This final present was from my sister. He has been dubbed Sunny, and he is my new best friend. My floors have never been so clean. He even cleans under the couch. If you live where there is dirt, you need one of these.
I hope you all had a Merry Christmas too!
Monday, January 19, 2009
Happy Martin Luther King Jr. Day. I hope everyone reading this enjoyed social equality today.
Well the kids and I are back after spending the better part of the last week visiting my parents as my Dad's Christmas present. When asked what my Dad wants as a present he always responds, "time." This year we decided to take him at his word, and used the money we would have spent on a present traveling there and back.
I have to admit that I was very tempted to give him thyme the herb as a bit of a joke, but I didn't think it would go over too well.
During the week there I got much needed rest allowing my mother to see to the needs of the children. Since we don't get to see my parents as often as they would like, my mother often fusses about not taking care of the kids often enough. I wanted to make sure that she got her fill while we were there, and I think we succeeded in leaving her in a state of happy exhaustion.
As a consequence of letting my mom watch the kids, I had a lot of time to work on my neglected Holly Jacket, and the knitting is nearly complete. Hopefully you will see it soon!
Sunday, January 11, 2009
If you read my last post, you will know that one of my New Year's resolutions was to expand my garden, what you didn't know was that it had already begun.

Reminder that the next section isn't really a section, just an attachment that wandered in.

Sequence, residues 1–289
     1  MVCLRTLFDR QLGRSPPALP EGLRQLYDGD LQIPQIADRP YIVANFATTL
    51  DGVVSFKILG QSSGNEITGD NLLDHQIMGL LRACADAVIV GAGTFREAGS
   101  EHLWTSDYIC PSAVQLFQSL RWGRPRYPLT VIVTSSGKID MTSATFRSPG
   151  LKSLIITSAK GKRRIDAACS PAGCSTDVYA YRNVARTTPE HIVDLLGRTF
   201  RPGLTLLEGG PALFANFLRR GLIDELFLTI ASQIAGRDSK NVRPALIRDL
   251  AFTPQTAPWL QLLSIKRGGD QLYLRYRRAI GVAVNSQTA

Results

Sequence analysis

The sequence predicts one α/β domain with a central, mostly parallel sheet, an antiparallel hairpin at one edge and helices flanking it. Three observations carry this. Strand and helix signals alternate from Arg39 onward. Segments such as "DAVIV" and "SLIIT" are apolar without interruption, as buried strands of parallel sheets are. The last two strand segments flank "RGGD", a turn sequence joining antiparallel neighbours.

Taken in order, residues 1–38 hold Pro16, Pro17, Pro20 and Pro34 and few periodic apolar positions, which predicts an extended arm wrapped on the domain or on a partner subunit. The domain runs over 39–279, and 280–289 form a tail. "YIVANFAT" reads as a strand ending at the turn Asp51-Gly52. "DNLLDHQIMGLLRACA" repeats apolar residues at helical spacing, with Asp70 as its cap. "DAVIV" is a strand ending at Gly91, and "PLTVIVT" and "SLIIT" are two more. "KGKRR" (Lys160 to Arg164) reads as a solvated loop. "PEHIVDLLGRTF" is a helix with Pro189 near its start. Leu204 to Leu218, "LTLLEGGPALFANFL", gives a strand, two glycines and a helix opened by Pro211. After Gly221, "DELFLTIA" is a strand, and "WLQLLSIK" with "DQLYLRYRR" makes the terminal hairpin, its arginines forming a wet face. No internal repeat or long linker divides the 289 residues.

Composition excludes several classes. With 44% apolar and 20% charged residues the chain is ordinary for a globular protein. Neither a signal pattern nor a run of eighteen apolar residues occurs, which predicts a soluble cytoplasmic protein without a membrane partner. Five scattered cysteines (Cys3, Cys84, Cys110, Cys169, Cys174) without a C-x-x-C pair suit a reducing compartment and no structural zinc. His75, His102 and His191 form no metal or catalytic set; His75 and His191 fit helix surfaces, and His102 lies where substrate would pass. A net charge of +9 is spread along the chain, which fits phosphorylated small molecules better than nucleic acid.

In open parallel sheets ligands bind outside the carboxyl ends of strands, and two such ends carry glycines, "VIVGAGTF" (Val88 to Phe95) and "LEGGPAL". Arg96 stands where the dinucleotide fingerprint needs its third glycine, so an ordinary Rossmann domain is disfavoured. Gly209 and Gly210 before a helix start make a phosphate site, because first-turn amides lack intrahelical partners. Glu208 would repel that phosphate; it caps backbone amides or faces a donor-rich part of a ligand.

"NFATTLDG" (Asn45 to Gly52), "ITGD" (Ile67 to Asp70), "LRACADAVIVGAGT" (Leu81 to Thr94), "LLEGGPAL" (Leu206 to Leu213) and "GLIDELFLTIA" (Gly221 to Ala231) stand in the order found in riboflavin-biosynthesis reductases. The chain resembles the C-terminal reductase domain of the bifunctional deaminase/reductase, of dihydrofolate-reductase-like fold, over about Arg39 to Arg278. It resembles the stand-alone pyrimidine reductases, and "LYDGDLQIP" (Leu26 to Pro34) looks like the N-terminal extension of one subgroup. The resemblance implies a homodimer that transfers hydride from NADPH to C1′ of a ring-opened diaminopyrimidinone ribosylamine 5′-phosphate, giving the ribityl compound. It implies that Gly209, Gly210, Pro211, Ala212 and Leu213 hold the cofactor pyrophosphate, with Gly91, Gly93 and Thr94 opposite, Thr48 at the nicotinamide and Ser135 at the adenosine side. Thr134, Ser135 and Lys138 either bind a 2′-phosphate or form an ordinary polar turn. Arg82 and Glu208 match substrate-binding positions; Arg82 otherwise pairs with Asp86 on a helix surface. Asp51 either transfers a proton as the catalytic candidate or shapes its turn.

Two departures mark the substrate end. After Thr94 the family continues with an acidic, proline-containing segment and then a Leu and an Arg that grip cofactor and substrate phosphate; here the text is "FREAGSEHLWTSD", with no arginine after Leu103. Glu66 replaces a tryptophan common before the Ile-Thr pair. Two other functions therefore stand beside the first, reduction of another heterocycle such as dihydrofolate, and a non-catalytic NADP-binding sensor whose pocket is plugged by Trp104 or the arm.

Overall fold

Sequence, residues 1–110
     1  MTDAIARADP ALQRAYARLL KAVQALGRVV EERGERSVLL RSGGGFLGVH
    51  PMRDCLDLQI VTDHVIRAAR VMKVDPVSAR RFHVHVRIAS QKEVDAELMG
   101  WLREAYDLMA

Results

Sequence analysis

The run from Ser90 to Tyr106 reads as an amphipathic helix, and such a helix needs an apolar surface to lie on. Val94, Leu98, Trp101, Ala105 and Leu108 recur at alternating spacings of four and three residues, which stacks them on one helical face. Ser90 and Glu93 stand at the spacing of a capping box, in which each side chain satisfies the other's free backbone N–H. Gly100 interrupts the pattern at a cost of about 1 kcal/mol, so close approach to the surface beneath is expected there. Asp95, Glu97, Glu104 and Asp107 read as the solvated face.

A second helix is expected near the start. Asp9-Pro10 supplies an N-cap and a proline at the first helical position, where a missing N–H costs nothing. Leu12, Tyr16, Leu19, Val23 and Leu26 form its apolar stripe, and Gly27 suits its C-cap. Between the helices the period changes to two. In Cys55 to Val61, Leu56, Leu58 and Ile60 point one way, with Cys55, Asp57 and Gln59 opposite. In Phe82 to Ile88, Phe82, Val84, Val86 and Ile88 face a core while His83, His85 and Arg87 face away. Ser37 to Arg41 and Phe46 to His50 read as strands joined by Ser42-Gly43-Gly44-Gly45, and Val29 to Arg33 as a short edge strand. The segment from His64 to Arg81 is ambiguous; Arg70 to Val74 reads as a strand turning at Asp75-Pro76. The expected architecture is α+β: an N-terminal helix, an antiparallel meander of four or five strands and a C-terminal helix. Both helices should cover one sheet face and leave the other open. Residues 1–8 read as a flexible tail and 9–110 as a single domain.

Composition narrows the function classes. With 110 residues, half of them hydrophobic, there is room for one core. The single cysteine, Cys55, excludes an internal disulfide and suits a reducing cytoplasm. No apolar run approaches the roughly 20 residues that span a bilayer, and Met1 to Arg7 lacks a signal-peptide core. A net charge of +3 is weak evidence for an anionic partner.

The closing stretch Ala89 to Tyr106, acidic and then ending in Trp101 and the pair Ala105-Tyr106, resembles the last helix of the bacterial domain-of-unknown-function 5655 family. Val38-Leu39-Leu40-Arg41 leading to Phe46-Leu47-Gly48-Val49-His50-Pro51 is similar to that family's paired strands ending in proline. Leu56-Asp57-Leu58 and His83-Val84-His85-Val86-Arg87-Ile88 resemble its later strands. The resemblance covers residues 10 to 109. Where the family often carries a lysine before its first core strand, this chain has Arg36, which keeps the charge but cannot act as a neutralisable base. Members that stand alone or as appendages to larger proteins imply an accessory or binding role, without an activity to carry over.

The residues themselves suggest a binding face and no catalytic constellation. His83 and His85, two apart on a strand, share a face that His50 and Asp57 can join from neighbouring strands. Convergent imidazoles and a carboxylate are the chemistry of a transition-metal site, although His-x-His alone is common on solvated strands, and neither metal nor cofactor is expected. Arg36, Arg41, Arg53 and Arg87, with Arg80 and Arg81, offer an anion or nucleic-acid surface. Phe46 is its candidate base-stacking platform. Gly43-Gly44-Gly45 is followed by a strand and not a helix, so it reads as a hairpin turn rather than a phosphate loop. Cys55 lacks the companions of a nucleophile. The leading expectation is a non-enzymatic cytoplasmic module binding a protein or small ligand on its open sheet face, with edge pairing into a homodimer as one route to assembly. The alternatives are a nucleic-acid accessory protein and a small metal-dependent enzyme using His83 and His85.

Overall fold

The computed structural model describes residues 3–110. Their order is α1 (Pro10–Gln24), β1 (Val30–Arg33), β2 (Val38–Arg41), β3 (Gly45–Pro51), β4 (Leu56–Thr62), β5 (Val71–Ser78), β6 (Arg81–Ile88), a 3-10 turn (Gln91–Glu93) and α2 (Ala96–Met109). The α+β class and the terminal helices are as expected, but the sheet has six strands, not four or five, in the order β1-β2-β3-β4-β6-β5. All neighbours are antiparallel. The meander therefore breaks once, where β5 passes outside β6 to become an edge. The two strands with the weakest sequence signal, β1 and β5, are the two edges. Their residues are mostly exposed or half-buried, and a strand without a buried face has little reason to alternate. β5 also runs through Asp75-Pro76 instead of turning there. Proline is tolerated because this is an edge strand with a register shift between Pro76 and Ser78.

Last year I planted a small garden bed that continues to provide my family with bell peppers.
This year I plan on planting a much wider variety of vegetables, and enough tomatoes that a
few can make it to our dinner table before my kid's devour them. The first step was creating a raised garden bed that our dogs won't be able to run right through and trample our vegetables.
Here is what we did. Keep in mind that we learned a few lessons along the way, and I point out what those lessons taught us below.
We created a 4' by 8' box, about 1' tall. Mr. Incredible used 1" by 4" untreated pine (cull lumber). He attached them with common sinker nails using overlap corners.
Next time we will use nails with a spiral or ring shank or wood screws because the sinker nails pulled out of the corners far too easily.
We then situated this box in a prepared bed (the soil had been turned to break up the heavy clay that lies just below the surface, and the soil had been leveled as much as possible).
We increased the height of the bed by installing 2" by 2" corner supports, and nailing the next level of pine boards to the supports. He also installed 2" by 4" supports in the middle of the 8' spans to keep the wood from flexing or bowing under the pressure of the dirt. In hindsight we probably should have made the entire structure before trying to stick it in the dirt. Preassambly would have kept the joints from shifting and requireing clean up/trimming after assembly. We may also use all 2" by 4" supports in the future.